Out of 118 teams from 60 universities that entered the competition in 2017, four were selected as finalists. The University of Texas at Austin team was chosen by the Hines Competition jury as the winner for its proposal, “Rooted” , which builds upon the “inherent power of food culture” and on Chicago’s identity as a major source of food production, processing, and distribution.
Rooted proposes a new urban community centered on food production, workforce development in food-based industries, and places for food entrepreneurs to live, work, and thrive. New residential units—that range from affordable to market-rate—inject a 24/7 energy and a mixed-use vibrancy into the site. The proposal envisions strong links to transit networks and adjacent neighborhoods, a pedestrian bridge across the Chicago River, and new opportunities for walking and biking.
For the five students on the winning team, the experience was transformative and illustrative of the multidisciplinary, collaborative nature of careers in urban development. Christopher Perkes, who is pursuing a joint master’s degree in community and regional planning and sustainable design, led the team, composed of Luke Kvasnicka, a master’s student in architecture; Miles Payton, a master’s student in landscape architecture; Mason Rathe, a master’s student in business administration; and Kirsten Lynn Stray-Gundersen, a master’s student in architecture. Simon Atkinson, professor of community and regional planning, and Edna Ledesma, lecturer at the School of Architecture, served as team advisers.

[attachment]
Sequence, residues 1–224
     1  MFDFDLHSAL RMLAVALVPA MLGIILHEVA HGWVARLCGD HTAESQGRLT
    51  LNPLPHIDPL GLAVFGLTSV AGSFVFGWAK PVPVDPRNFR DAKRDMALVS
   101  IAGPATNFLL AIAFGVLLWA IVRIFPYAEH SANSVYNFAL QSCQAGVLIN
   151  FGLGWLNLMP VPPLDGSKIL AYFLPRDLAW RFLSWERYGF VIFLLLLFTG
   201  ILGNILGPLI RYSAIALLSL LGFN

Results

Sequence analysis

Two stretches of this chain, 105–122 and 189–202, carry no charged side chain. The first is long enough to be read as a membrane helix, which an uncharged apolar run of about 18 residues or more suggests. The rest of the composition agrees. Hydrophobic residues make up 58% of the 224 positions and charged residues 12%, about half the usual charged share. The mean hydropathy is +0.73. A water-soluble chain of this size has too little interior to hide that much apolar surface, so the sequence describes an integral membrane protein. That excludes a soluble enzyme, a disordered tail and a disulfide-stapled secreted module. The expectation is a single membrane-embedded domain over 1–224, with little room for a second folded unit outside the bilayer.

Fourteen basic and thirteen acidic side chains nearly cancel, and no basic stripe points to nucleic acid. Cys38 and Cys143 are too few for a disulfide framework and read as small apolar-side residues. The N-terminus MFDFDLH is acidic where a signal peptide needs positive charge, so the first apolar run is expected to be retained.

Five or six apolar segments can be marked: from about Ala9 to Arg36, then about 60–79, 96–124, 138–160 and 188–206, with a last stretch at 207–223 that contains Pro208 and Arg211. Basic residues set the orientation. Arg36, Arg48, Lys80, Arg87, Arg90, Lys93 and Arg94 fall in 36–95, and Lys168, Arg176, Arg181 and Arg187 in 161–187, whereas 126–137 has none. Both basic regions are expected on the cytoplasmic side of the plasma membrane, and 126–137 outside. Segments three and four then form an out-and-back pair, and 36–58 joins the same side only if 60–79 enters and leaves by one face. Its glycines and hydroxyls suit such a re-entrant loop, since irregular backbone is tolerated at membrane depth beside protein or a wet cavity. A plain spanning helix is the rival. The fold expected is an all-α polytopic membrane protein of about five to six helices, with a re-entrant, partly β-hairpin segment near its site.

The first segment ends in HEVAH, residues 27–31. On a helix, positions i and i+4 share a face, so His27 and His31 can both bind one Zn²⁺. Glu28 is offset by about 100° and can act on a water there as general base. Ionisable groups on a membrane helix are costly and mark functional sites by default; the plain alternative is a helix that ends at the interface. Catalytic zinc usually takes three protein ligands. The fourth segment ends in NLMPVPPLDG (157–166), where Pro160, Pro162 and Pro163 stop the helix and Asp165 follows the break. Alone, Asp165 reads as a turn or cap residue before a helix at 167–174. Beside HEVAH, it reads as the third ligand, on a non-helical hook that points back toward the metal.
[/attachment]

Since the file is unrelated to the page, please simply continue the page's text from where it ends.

Jury chair Teri Frankiewicz and jurors Rameez Munawar and Betsy del Monte analyze a development proposal submitted by one of the 118 student teams that entered the competition.
“My experience in the Hines Competition was an inflection point in both my life and career,” says Perkes. “It reinforced my belief that as much as we may desire it, our world is not so simply boiled down to clear professional lines. The built environment and all those who live in and interact with it require complex solutions from innumerable perspectives.”
Perkes adds: “Overall, it was one of the most challenging things I’ve ever done, and has already proved itself invaluable in my personal, professional, and academic endeavors.”
Learn more about the ULI Hines Student Competition and “Rooted”, the winning proposal of the University of Texas, Austin, student team.